The active compounds of ginger which may be employed in the present invention include, but are not limited to, 1,8-cineole, 10-dehydrogingerdione, 10-gingerol, 6-gingerdione, 6-gingerol, 6-shogaol, 8-β-17-epoxy-λ-trans-12-ene-15,16-diol, 8-gingerol, 8-shogaol, 9-oxo-nerolidol, acetaldehyde, acetic acid, alanine, α-linolenic-acid, α-linolenic acid, α-phellandrene, α-piene, α-terpinene, α-terpineol, α-zingiberene, ar-curcumene, arginine, ascorbic acid, asparagine, β-bisabolol, β-carotene, β-elemene, β-eudesmol, β-ionone, β-myrcene, β-phellandrene, β-pinene, β-selinene, ,B-sesquiphellandrene, β-sitosterol, β-thujone, bornyl-acetate, boron, caffeic acid, calcium, camphene, camphor, capric acid, caprylic acid, capsaicin, caryophyllene, chavicol, chlorogenic acid, chromium, citral, citronellal, citronellal, cobalt, copper, cumene, curcumin, cystine, delphinidin, δ-cadinene, elemol, ethyl acetate, ethyl-myristate, farnesal, farnesene, ferulic acid, furfural, γ-aminobutyric acid, γ-terpinene, geranial, geraniol, geranyl-acetate, gingerenone, glutamic acid, glycine, hexahydrocurcumin, histidine, isogingerenone-B, isoleucine, kaempferol, lecithin, limonene, linoleic acid, magnesium, manganese, methionine, mufa, myrecene, myricetin, myristic acid, neral, nerol, nerolidol, niacin, nickel, oleic acid, oxalic acid, p-coumaric acid, p-cymene, p-hydroxy-benzoic acid, palmitic acid, pantothenic acid, paradol, patchoulic alcohol, phenylalanine, quercetin, riboflavin, selenium, shikimic-acid, terpinen-4-ol, thiamin, tryptophan, vanillic acid, vanillin, zinc, and zingerone. Also, mixtures of two or more of these active compounds may be employed.

The second ingredient of the composition of the present invention, which may be obtained from ginger, can be incorporated in the composition of the present invention in many different forms including ginger extract, ginger powder, one or more active compounds of ginger and mixtures thereof. Also, for any specific active compound of ginger for which suitable synthesis routes are known, the active compound can be prepared synthetically.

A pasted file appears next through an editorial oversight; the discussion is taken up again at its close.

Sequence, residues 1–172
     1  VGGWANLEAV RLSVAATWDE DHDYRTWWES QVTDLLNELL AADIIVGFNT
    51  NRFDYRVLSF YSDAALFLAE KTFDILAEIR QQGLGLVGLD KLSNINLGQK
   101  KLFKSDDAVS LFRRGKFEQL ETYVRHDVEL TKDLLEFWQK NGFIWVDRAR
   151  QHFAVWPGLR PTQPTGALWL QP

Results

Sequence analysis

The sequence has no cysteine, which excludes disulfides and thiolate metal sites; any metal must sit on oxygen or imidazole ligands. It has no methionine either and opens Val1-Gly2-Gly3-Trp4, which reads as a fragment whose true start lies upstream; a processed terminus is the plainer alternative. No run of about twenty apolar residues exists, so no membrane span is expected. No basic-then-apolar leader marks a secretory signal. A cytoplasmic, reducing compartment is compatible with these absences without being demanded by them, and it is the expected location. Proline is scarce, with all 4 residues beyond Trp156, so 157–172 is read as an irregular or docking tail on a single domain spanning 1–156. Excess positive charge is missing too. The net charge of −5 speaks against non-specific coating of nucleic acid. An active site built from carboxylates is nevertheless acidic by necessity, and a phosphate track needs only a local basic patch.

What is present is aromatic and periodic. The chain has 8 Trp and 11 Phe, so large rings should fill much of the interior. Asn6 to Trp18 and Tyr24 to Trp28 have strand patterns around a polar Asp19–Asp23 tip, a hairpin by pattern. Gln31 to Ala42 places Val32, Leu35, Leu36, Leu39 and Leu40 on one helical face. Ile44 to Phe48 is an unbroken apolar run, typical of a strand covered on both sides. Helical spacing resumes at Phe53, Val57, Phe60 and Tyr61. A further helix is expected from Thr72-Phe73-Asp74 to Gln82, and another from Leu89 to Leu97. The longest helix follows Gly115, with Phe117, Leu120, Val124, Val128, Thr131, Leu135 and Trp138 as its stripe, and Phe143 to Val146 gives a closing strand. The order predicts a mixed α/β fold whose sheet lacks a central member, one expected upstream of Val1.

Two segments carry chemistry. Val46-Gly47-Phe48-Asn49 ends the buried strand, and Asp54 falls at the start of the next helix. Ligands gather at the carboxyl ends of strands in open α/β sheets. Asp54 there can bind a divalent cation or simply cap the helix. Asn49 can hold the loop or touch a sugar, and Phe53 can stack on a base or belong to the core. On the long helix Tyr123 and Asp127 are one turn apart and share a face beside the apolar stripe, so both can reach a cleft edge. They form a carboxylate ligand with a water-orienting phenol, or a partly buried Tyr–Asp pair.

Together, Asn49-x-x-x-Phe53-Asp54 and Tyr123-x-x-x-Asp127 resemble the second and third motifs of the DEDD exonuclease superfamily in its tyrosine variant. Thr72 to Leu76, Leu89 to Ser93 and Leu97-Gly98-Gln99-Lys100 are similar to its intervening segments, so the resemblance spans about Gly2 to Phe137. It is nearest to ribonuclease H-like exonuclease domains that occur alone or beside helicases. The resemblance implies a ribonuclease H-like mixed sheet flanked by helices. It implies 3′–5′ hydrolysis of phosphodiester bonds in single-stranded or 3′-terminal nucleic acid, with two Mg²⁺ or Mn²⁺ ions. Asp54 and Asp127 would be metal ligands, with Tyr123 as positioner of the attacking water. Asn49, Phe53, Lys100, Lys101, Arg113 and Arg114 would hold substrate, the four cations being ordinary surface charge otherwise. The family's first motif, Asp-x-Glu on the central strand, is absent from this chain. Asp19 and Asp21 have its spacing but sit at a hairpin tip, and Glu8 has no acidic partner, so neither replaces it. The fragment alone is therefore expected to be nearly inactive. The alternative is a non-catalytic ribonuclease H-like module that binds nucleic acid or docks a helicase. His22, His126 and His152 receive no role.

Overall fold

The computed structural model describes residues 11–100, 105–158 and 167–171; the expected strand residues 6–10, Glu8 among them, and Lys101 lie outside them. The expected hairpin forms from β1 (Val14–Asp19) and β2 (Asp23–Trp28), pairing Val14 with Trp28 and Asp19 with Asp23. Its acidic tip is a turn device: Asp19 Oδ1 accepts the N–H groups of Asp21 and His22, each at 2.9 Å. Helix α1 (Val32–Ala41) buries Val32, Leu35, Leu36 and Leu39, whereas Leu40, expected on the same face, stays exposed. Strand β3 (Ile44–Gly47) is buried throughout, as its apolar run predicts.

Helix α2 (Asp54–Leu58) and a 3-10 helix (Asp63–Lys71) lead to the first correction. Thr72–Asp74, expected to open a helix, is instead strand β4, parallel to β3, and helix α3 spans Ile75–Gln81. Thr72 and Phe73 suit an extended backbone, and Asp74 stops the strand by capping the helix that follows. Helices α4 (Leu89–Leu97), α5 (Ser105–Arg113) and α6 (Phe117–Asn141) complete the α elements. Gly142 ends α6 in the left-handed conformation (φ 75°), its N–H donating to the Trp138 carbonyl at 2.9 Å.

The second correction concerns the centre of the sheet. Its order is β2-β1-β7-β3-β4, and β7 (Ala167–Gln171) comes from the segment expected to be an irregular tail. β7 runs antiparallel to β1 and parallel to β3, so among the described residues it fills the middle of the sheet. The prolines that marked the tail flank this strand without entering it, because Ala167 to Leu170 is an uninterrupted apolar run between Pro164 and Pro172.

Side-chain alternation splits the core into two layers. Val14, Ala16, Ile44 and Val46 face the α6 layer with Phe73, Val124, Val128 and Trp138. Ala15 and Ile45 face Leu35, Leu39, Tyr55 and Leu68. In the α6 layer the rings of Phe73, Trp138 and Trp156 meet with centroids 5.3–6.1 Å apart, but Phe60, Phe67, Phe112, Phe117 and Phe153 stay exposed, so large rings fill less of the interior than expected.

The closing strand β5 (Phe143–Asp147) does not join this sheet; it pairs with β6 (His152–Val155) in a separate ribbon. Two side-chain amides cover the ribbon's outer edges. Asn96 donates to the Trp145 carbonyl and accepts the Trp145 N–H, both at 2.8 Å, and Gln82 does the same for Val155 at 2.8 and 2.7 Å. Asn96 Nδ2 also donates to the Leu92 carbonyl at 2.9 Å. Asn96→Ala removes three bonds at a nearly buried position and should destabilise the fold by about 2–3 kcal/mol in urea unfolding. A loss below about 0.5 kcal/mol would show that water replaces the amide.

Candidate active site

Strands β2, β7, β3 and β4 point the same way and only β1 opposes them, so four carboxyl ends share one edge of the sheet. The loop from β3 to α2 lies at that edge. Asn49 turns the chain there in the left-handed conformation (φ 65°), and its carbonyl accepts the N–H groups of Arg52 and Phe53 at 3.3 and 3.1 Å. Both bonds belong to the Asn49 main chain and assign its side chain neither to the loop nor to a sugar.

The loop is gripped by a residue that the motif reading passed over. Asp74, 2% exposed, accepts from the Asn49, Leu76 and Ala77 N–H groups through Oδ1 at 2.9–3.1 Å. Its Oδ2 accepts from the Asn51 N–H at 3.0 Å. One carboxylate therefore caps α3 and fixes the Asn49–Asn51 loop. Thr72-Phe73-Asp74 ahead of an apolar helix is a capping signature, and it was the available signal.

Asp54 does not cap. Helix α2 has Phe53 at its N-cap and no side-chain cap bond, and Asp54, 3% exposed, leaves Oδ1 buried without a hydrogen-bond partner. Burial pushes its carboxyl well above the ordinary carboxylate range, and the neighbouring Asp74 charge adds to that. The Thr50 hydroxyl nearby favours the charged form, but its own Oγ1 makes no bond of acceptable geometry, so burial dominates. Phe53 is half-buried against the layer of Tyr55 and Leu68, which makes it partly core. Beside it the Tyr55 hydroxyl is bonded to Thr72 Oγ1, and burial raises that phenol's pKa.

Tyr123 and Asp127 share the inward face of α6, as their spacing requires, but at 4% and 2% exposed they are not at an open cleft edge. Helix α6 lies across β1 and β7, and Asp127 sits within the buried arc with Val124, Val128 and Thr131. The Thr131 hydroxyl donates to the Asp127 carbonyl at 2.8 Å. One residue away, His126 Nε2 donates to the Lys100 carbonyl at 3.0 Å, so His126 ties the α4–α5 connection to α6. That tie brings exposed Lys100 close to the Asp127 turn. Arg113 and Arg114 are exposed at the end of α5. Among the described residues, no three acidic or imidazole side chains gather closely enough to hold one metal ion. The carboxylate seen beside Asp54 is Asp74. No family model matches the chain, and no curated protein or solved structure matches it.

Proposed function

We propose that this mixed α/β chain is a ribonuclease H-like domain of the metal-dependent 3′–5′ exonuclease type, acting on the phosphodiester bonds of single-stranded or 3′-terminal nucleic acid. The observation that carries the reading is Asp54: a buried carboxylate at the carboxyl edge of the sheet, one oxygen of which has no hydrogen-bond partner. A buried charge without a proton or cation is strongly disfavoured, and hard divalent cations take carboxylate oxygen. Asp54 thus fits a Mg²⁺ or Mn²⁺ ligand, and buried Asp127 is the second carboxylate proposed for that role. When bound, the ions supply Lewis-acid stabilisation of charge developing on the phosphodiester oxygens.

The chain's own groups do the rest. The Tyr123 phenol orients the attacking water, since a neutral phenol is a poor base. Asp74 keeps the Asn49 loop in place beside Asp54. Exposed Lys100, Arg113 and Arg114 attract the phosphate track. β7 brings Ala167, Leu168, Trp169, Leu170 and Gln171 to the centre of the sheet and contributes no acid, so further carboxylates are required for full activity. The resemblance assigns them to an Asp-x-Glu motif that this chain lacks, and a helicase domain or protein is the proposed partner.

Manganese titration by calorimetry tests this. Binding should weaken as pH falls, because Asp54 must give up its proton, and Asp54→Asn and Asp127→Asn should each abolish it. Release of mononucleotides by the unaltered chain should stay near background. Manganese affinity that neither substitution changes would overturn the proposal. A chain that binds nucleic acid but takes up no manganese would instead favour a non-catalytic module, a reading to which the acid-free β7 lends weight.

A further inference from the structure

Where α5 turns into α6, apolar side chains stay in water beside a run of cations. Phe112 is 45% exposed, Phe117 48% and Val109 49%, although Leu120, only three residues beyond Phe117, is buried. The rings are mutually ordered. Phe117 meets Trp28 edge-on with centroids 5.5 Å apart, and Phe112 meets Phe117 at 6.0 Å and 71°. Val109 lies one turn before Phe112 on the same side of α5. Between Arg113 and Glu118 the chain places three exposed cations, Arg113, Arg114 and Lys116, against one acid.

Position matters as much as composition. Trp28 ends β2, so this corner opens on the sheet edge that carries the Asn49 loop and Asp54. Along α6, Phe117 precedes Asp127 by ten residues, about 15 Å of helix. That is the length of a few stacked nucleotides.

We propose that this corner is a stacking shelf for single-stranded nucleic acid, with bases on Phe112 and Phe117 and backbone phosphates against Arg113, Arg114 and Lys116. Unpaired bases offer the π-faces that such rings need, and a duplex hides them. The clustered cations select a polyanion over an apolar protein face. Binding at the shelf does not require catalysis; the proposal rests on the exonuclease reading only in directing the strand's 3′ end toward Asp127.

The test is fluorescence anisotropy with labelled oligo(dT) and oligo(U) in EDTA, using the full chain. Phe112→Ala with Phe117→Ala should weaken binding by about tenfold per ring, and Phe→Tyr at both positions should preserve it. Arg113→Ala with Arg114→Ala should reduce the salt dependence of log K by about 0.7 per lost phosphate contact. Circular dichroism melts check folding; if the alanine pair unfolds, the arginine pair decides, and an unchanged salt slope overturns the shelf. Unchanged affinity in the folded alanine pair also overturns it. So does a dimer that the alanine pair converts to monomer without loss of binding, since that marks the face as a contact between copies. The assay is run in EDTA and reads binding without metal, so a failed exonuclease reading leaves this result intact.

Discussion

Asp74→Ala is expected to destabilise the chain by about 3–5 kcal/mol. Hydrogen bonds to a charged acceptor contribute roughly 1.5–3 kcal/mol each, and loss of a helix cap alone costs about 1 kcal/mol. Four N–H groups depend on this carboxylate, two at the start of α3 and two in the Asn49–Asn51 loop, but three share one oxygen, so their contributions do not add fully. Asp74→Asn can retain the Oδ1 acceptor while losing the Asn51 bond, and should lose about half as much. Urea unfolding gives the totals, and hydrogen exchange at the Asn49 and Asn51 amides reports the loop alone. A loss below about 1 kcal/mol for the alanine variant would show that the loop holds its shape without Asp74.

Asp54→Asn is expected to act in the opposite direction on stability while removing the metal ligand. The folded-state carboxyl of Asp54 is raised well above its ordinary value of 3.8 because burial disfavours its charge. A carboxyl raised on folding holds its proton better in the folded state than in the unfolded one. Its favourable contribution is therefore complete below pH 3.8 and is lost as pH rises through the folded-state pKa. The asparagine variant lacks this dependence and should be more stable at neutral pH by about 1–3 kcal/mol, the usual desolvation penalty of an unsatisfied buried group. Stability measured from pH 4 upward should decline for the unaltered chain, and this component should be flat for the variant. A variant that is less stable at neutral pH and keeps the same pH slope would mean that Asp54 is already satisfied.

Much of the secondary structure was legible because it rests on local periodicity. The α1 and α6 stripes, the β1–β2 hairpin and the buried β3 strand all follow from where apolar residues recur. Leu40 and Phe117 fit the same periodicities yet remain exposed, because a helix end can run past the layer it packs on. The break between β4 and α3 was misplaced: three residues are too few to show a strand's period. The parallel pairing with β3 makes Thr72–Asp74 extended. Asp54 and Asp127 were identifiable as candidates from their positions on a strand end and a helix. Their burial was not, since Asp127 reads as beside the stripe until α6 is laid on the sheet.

A third ingredient of the composition of the present invention may be obtained from horseradish (also commonly called horseradish root). Horseradish's pharmacological activities are mainly due to its active compounds. The active compounds of horseradish which may be useful in the present invention include, but are not limited to, allyl-isothiocyanate, amylase, arginine, ascorbic acid, asparagine, gentisic acid, kaempferol, limonene, niacin, p-hydroxy-benzoic acid, pectin, phenylpropyl-isothiocyanate, quercetin, raphanin, riboflavin, rutoside, selenium, sinapic acid, sinigrin, tannin, thiamin, vanillic acid and zinc, as well as mixtures of two or more of these compounds.

The third ingredient of the composition of the present invention, which may be obtained from horseradish, can be included in the composition in many different forms. Those different forms include horseradish powder, horseradish extract, one or more active compounds of horseradish and mixtures thereof. For a particular active compound, for which a synthetic route is known, the active compound may be obtained synthetically.

All active compounds of the present invention may be obtained from other sources, if available. Thus, the phrase “which can be obtained from” or the phrase “which may be obtained from” is meant to encompass compounds or compositions that are obtainable from turmeric, ginger, horseradish, slippery elm or green tea and therefore encompasses synthetic forms of the same compounds and/or compositions as well as the same compounds and/or compositions obtained from other sources.

The ingredients of the composition of the present invention, which may be obtained from turmeric, ginger and horseradish, can preferably be used in the forms of turmeric powder, ginger powder, horseradish powder which are ground from the rhizome of turmeric, ginger root and horseradish root respectively. Alternatively, turmeric powder, ginger powder, horseradish powder, and/or one or more of the active compounds contained therein can be purchased from commercial sources such as Delavau Co. Alternatively, the ingredients of the present invention can be used in the form of turmeric extract, ginger extract and horseradish extract, which may be extracted from each of turmeric rhizome, ginger root and horseradish root leaves using common extraction procedures. One suitable extraction procedure is described below.